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(Daemon 19052 As broadcast on WVIA-FM 5/25/2005)
The tide of recordings by singer-songwriters shows no signs of abating -- a trend I think we can easily live with. The singer-songwriter format is generally a solitary one, though some such performers work with backing band. Far less common are groups of folkies working together, as was such a staple in the 1960s. Today, there are the long running Indigo Girls, and up-and-coming We're About 9, for example. There have been some occasional collaborative projects by trios or quartets of singer songwriters like Cry Cry Cry, The Four Bitchin' Babes, and more recently, Redwing.
This week we have a fine new recording by a singer-songwriter trio who, like the folk groups of a generation ago, also emphasize tight three-part vocal harmonies. They call themselves Girlyman, and their new second CD is called Little Star.
Formed in 2001 long before Arnold Schwartzenegger popularized the term in a political campaign, Girlyman apart from their music, does live up to its name with its members bending gender stereotypes. There's a woman Doris Muramatsu, a man, Nate Borosfky, who is partial to wearing lipstick, and Ty Greenstein, a person who sings alto, but uses the word "bi-gender" in the band's website as a self-description.
But appearances aside, the trio creates some outstanding music that combines literate, though oblique lyrics with terrific three-part vocal harmonies, a penchant for writing music in waltz time, and very tasteful mostly acoustic backing.
Muramatsu and Greenstein had been long time friends and roommates, and formed a duo in 1998 called The Garden Verge, based in New York. Borofsky had established a reputation as a singer-songwriter in the Boston area, but decided to come to New York. In looking for a place to live, Borofsky ended up sharing a Brooklyn apartment with Greenstein and Muramatsu, and it wasn't long before they started singing together. They scheduled their first formal rehearsal for September 11, 2001. Naturally that got put off, but the events eventually underscored their desire to get out and play music. They called themselves Girlyman they said, since they did not want to take themselves very seriously. Borofsky also says that the name "refers to our annoyance with traditional gender roles." They soon began to attract attention through appearances on the folk festival circuit, including the Falcon Ridge festival, where they won the "Most Wanted to Return" award.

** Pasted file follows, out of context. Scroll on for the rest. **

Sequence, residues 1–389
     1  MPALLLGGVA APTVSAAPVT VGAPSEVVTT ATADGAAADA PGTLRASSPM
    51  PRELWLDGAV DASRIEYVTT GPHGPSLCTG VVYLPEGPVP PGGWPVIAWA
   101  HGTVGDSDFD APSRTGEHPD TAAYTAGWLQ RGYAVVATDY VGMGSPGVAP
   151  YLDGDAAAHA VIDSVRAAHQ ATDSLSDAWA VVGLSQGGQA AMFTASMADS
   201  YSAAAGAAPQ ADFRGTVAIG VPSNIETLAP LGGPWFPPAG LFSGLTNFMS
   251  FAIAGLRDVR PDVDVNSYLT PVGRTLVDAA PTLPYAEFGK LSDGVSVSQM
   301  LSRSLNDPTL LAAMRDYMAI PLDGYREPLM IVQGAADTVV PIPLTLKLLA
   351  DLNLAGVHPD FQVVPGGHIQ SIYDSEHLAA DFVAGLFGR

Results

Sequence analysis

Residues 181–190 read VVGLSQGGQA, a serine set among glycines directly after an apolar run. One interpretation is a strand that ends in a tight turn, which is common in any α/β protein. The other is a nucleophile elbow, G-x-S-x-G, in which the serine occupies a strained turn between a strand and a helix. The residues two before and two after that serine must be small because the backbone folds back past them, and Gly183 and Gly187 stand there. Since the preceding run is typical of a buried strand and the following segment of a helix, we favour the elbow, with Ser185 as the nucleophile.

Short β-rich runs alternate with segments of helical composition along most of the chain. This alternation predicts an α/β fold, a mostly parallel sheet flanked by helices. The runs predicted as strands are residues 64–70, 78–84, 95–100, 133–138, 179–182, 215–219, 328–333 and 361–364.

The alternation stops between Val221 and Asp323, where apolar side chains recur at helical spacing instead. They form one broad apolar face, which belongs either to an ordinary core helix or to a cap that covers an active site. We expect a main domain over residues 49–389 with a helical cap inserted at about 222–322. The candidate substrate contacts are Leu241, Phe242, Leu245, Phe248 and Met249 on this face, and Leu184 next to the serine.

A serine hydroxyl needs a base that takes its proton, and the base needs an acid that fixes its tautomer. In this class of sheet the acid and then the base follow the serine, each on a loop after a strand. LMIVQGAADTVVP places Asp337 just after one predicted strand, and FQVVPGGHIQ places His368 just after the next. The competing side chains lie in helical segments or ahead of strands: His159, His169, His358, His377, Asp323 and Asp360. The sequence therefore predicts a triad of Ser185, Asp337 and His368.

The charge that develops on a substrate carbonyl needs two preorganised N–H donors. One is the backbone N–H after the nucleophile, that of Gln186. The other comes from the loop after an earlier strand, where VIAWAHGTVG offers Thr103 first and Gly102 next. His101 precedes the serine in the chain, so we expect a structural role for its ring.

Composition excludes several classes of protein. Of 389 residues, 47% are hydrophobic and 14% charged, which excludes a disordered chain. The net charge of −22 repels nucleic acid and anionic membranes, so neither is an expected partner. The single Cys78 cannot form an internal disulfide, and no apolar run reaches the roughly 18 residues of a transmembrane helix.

After they released their debut CD in the fall of 2003, their reputation was further widened. They toured with Indigo Girls, for whose record label, Daemon Records, Girlyman records.
The new CD Little Star marks a step forward for an already worthy band, with the quality of their writing being exceptionally high with songs by all three, and their vocal harmonies becoming more seemingly effortless and reaching the point that they can sound like more than three voices. Each takes turns doing lead vocals, and the lead often changes within the course of a song. The are joined by a few additional players, including Julie Wolf, of Ani DiFranco's band on keyboards, the CD's co-producer Rob Harris on guitar, and Joe Dye on the subtle but frequently-heard steel guitar. Ty Greenstein of the trio plays most of the percussion.